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Activists Knock On Doors To Rally Voters Around Fixing Texas' High Uninsured Rate

Jan Lance and Rene Lara walk down a street in Southeast Austin
Julia Reihs
Jan Lance and Rene Lara prepare to knock on doors in Southeast Austin to collect stories about the state's health insurance coverage crisis.

A group of about 20 people gathered in Southeast Austin on a chilly Saturday morning to knock on doors in nearby neighborhoods. The #SickOfItTX event was one of seven across the state aimed at organizing Texans around the state's uninsured rate, which is the highest in the country.  

Laura Guerra-Cardus, deputy director of the Children’s Defense Fund of Texas and one of the campaign's organizers, said about 100 people signed up to canvass in San Antonio, Houston, Dallas, Austin, Galveston, McAllen and Fort Worth. She said they plan to collect as many stories as they can in the hopes lawmakers will start to listen to concerns about the state’s health coverage crisis.

“Advocacy organizations really feel like enough is enough,” Guerra-Cardus said. “And if the Legislature won’t listen to us, then our new audience is going to be Texans – everyday Texans.”

In the past few years, Texas’ high uninsured rate has been getting worse. It has also climbed among children and women of child-bearing age. During this year’s legislative session, advocates urged lawmakers to extend Medicaid for women who recently gave birth to a year of coverage. Currently, women are kicked out of the program just 60 days after having a baby.

They also asked lawmakers to reduce the paperwork required for children on Medicaid. Studies have shown an increase in how often families have to prove they qualify for the program. Those changes have led to an uptick in children getting kicked off Medicaid – even though they're qualified for coverage.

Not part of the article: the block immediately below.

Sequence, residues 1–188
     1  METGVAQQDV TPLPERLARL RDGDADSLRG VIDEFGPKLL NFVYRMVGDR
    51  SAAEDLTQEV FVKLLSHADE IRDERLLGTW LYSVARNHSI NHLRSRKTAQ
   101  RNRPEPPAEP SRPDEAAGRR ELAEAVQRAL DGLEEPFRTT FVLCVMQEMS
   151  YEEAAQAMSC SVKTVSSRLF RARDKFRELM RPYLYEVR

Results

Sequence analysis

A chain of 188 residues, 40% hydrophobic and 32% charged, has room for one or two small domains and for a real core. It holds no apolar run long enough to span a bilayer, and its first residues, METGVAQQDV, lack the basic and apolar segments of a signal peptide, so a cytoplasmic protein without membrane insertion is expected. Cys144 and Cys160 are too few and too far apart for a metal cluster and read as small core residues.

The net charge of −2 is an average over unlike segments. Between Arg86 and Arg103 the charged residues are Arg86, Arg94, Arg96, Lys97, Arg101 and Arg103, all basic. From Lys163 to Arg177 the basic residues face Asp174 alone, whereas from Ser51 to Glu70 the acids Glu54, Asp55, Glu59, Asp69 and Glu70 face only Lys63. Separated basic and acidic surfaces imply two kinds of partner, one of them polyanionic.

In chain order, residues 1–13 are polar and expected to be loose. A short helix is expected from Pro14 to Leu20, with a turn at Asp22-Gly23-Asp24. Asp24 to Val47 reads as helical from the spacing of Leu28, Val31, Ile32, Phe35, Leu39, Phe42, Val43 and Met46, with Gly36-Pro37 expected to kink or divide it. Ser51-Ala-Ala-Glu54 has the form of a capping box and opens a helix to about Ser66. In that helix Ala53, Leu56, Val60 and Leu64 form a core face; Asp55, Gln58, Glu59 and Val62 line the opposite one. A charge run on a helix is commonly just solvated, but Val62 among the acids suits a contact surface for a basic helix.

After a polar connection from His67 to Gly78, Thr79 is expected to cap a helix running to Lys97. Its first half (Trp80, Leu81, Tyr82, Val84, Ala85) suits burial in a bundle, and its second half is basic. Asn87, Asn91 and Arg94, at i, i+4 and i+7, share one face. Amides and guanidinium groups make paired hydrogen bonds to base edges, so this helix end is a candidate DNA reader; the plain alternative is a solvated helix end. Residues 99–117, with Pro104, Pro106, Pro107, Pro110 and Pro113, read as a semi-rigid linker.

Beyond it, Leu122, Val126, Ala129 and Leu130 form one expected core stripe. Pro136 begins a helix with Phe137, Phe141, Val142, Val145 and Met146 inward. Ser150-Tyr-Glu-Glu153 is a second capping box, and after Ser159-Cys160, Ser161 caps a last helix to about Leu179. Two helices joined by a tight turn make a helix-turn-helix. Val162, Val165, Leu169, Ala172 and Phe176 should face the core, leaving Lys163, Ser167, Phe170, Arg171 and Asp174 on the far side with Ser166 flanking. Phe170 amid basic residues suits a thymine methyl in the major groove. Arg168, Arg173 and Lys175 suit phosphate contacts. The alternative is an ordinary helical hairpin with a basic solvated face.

Lawmakers didn’t do either.

Texas also remains among a minority of states that have refused to expand Medicaid to more low-income people through the Affordable Care Act.

That’s why – along with the Texas Organizing Project and the Center for Public Policy Priorities – Guerra-Cardus’ group launched the issues-based nonpartisan campaign. She said the point is to knock on doors and get people to talk about the state’s coverage crisis.

Laura Guerra-Cardus, deputy director of the Children's Defense Fund of Texas
Credit Julia Reihs / KUT
Laura Guerra-Cardus, deputy director of the Children's Defense Fund of Texas, gives volunteers talking points before they head out to canvass the neighborhood.

And block walking is just the beginning.

“This is going to be year-round organizing,” Guerra-Cardus said. “And our very next step is to take the stories we are hearing today to our policymakers and 2020 state candidates.”

Mimi Garcia and Becky Bullard were among the volunteers collecting stories. While knocking on doors, they met Nina Torres, who currently doesn't have health insurance.

Torres said she’s having a hard time getting coverage through her husband’s employer now that she’s opened her own business. Garcia and Bullard suggested she look into the Obamacare marketplace, which could offer coverage in the meantime. Even if she signs up immediately, though, the insurance won’t kick in until January.

Torres said not having coverage has been stressful. She said even if she feels really sick, she tries to avoid going to the hospital or a doctor.

“I wait until the very last minute – unless I absolutely need to go,” she said.

According to the U.S. Census Bureau, almost 18% of Texans were uninsured last year. At one point the state's rate was as low as 16%, but under the Trump administration, it has has been climbing.

“[Lawmakers] have to pay attention to this,” Guerra-Cardus said. “Because us working directly with policymakers … is not working. And so, if we are the wrong messengers, then maybe the people of Texas will be the right messengers.”

Ashley Lopez covers politics and health care. Got a tip? Email her at Follow her on Twitter @AshLopezRadio.
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